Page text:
Defending Your Family Against the Flu
With flu season nearly upon us, UW Health infectious disease specialist James Conway, MD, believes it's time to recognize influenza for what it is - a potentially serious infectious disease that hospitalizes more than 100,000 Americans every year, and kills more than 30,000.
"It's what I call the 20,000-pound gorilla standing in the room," says Dr. Conway. "As you look at all the vaccine-preventable diseases, people have really ignored the importance of influenza."
Why sweep such a potentially serious threat under the rug? Dr. Conway says several factors have converged in recent years to cause general complacency about the flu.
"It's really been a combination of fear of having to actually try to deal with the magnitude of the problem, and I think a little bit of denial that it's as big a problem as it is," Dr. Conway says.
"And I think this is the public health system, the government, hospitals, families, doctors - everybody for many years just sort of thought of influenza as an inconvenience, and I think there were a lot of misconceptions," he adds.
Preventive Measures for Fighting the Flu
Though getting flu vaccine is the best defense, other basic preventive measures will help you and your family fend off the flu.
Influenza spreads primarily through respiratory droplets in the air from coughing and sneezing. So, when you touch something or someone that's been contaminated by these droplets and then put your hands near your face, you also risk infection. That's why it's important to keep germs off your hands through proper hand hygiene, and to keep your hands away from your eyes, nose and mouth.
Frequently washing your hands with soap and warm water or alcohol-based gels is a good way to prevent the spread of germs that can cause many illnesses, including the flu. You can get yourself and your children in the hand hygiene habit by stocking mini-bottles of alcohol-based cleansers in backpacks, purses, lockers and briefcases.
Additionally, avoid contact with sick people during flu season, make sure your stress level is in check and ensure that you and your family are getting adequate amounts of sleep to strengthen your body's resistance.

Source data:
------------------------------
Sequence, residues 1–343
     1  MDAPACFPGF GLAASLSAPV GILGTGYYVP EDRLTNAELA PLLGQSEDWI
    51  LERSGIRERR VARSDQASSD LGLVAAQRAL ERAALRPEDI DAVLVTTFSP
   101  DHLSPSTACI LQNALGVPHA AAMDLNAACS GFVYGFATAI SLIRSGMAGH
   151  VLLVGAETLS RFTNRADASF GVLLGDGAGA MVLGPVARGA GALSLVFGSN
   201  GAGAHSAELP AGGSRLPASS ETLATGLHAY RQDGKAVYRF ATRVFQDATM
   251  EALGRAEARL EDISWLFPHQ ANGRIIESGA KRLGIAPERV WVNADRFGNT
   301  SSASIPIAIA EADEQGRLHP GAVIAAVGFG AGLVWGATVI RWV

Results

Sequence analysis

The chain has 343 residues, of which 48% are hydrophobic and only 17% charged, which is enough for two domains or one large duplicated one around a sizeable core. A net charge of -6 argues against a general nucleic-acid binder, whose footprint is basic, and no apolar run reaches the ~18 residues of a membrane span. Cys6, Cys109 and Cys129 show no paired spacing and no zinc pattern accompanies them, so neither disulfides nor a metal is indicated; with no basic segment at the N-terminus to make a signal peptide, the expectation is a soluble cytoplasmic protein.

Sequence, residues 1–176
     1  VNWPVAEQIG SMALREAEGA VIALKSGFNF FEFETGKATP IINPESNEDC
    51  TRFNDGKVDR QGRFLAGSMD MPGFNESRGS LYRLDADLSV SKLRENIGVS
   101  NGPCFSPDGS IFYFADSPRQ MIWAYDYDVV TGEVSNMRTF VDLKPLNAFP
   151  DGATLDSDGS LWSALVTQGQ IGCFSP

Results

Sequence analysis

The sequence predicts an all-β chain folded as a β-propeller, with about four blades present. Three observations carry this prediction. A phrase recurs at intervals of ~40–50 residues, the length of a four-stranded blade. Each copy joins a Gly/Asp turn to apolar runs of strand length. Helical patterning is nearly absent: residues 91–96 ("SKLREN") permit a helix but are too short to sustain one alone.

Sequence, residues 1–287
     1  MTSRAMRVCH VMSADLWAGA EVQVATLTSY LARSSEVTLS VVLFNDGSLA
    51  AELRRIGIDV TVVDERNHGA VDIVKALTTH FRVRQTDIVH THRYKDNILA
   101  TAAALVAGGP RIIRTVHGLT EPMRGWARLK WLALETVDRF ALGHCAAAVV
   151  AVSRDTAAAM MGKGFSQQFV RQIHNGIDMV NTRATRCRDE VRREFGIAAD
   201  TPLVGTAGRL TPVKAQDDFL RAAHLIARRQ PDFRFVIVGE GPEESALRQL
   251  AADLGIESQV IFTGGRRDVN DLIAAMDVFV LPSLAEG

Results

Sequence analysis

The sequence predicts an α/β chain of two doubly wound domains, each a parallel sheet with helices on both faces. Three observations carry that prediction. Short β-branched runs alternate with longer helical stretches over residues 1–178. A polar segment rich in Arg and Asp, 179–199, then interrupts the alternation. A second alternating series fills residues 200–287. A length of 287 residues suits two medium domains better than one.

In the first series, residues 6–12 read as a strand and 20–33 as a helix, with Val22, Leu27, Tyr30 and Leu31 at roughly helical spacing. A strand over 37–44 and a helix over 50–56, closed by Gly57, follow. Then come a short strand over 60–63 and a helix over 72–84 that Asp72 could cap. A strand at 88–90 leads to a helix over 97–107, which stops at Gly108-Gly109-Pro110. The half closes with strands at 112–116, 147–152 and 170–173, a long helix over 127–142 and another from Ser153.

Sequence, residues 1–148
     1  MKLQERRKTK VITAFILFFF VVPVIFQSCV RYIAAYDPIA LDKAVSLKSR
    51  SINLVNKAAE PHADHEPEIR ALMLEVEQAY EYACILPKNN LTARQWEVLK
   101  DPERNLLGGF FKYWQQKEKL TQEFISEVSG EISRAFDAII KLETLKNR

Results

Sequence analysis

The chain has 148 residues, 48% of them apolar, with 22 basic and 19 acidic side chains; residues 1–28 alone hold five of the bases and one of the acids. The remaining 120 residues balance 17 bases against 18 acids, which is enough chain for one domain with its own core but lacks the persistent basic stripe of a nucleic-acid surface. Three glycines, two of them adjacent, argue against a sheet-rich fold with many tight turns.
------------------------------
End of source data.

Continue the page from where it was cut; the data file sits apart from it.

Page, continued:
"The other thing is to stay away from public places if you are ill. And if you're severely ill, try to stay away from work or school so you don't spread your illness significantly," Dr. Conway advises. "But if you're forced to go into these settings, let people know you're sick so they can take precautions. It's the courtesy stuff that's the primary thing."
Keeping Up Your Guard
Though getting flu vaccine is a highly effective preventive measure, no vaccine provides 100 percent protection.
"So you really need to keep your guard up during cold and flu season - do what you can to protect yourself with vaccines, but still do everything you can and not let your guard down and say, 'OK, I've been vaccinated - I don't need to worry about hand hygiene,'" warns Dr. Conway.
Another reason to remain vigilant - sometimes, certain anti-viral medications used to treat severe cases of the flu are not as effective, due to the resistance of the virus that causes the flu. This can happen from year to year as flu strains change.
"That's another reason why I think we need to be more aggressive and more successful on the prevention side of things," Dr. Conway says.
Common Flu Vaccine Misconceptions
While you consider whether or not you will get flu vaccine, be careful not to be misled by some common myths about flu vaccine:
- I heard you can get the flu just by getting flu vaccine
False. If you come down with flu symptoms immediately after you get vaccinated, it's likely just coincidental, says Dr. Conway.
- If I get flu vaccine, I can still get the flu
True - no vaccine is 100 percent effective. However, prevention (e.g., getting flu vaccine) is your best defense against contracting a serious case of the flu.
- I didn't get my flu vaccine early in the season - it's too late now
False. Though it's preferable to get your flu vaccine in October or November, it's not too late to get vaccinated as late as January or even February. The flu season may last until spring.
UW Health and the Centers for Disease Control urge vaccinations for everyone 6 months old and older.
You can schedule a flu vaccine appointment at any UW Health primary clinic and all of our pharmacy locations, linked below: